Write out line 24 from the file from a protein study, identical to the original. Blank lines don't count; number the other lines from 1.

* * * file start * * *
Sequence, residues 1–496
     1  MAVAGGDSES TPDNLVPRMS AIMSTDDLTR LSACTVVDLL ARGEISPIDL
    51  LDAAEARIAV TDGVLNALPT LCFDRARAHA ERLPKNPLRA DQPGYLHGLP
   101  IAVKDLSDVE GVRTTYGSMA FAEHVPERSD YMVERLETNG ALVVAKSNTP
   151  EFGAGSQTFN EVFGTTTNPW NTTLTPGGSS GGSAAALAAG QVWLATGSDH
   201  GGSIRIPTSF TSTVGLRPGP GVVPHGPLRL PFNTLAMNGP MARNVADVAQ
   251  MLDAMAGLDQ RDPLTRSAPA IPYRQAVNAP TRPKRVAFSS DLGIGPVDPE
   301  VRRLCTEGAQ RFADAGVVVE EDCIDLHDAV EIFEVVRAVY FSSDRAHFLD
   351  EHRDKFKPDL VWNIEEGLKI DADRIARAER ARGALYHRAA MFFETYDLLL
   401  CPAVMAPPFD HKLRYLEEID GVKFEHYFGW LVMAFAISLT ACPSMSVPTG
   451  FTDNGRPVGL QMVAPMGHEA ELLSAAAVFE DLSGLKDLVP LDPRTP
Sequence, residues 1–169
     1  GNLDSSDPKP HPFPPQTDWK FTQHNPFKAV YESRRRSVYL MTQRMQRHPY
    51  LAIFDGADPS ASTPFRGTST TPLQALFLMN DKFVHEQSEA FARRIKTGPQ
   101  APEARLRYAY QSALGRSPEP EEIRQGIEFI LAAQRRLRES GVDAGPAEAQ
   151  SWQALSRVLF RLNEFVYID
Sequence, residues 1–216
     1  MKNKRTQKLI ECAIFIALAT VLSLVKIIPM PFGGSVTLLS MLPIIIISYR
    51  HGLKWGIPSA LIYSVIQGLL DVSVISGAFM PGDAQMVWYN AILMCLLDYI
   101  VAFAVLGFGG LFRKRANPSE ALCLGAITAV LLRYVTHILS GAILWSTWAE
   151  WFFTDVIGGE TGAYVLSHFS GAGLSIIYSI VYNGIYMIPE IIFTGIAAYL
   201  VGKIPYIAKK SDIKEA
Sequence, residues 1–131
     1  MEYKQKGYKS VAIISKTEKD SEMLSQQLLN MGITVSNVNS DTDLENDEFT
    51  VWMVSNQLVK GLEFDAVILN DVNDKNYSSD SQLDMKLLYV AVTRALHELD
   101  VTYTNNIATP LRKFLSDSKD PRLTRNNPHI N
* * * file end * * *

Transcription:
     1  MEYKQKGYKS VAIISKTEKD SEMLSQQLLN MGITVSNVNS DTDLENDEFT